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St Bernadette's is an 'Outstanding Catholic School' (Section 48 Inspection 2021). We are an OFSTED 'Good School' with Outstanding features in 'Behaviour and Attitudes' and 'Personal Development' (Ofsted Inspection 2022)
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Absence Procedures

Absence and Withdrawals
If your child is ill please email the office at : or telephone 01908 692438 on the first day of illness before 9.00 am and follow up the call with a written note on your child’s return to school.
Please use the following information as a guide when deciding when your child
is fit to return to school:

Scarlet Fever: If your child has the symptoms of Scarlet fever, they must remain at home for 24 hours after commencing appropriate antibiotic treatment. If no antibiotics have been administered, they will be infectious for 2 to 3 weeks and therefore must remain at home for this period. * Please see below for further details regarding Scarlet Fever and invasive group A strep (iGAS)

Chickenpox: Six days from onset of rash.
Conjunctivitis: It is not necessary to be absent from school
Vomiting and/or Diarrhoea: Forty eight hours from last bout of sickness.
Impetigo: Needs medication until the skin heals.
Measles: Four days from onset of rash.
Mumps: Minimum of seven days
Verrucae: Verrucae must be covered, no absence necessary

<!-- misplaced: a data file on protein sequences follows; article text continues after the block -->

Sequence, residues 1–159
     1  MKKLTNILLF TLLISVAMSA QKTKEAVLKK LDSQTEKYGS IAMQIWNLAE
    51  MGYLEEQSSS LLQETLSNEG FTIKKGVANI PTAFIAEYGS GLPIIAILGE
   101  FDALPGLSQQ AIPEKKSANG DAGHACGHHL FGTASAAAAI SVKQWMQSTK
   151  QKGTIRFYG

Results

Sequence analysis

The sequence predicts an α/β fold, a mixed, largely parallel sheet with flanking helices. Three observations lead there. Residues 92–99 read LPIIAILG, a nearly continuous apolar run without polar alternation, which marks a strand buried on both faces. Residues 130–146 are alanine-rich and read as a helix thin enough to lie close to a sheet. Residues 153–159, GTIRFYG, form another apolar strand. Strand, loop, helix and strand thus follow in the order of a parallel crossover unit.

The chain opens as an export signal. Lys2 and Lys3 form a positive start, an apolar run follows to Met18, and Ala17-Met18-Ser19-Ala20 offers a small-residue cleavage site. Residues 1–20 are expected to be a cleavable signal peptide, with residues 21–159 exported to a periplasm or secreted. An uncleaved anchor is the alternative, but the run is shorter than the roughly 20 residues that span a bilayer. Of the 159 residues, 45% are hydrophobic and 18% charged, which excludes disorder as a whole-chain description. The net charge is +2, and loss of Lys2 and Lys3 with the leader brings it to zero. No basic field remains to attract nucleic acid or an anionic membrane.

Whooping Cough: Twenty one days from onset of cough.


Scarlet fever and invasive group A strep (iGAS)

The UK Health Security Agency (UKHSA) has reported that scarlet fever cases are higher than we would typically see at this time of year. Scarlet fever is caused by bacteria called group A streptococci. These bacteria also cause other respiratory and skin infections such as strep throat and impetigo (a skin infection).

In very rare occasions, the bacteria can get into the bloodstream and cause an illness called invasive Group A strep (iGAS). While still uncommon, there has been an increase in invasive Group A strep cases this year, particularly in children under 10. Sadly there have also been nine deaths involving iGAS recorded in children since September.

Advice for Parents and Carers

Symptoms of scarlet fever and when to see a GP

Scarlet fever is a contagious bacterial infection that mostly affects young children. It is easily treated with antibiotics. The first signs of scarlet fever can be flu-like symptoms, including high temperature, a sore throat and swollen neck glands (a large lump on the side of your neck).

A rash appears 12 to 48 hours later. It looks like small, raised bumps and starts on the chest and tummy, then spreads. The rash makes your skin feel rough, like sandpaper. On white skin the rash looks pink or red. It may be harder to see on brown and black skin, but you can still feel it. A white coating also appears on the tongue. This peels, leaving the tongue red, swollen and covered in little bumps (called “strawberry tongue”). The rash does not appear on the face, but the cheeks can look red. The redness may be harder to see on brown and black skin.

Contact a GP if your child:

  • Has scarlet fever symptoms
  • Does not get better in a week (after seeing a GP)
  • Has scarlet fever and chickenpox at the same time
  • Is ill again, weeks after scarlet fever got better – this can be a sign of a complication, such as rheumatic fever
  • Is feeling unwell and has been in contact with someone who has scarlet fever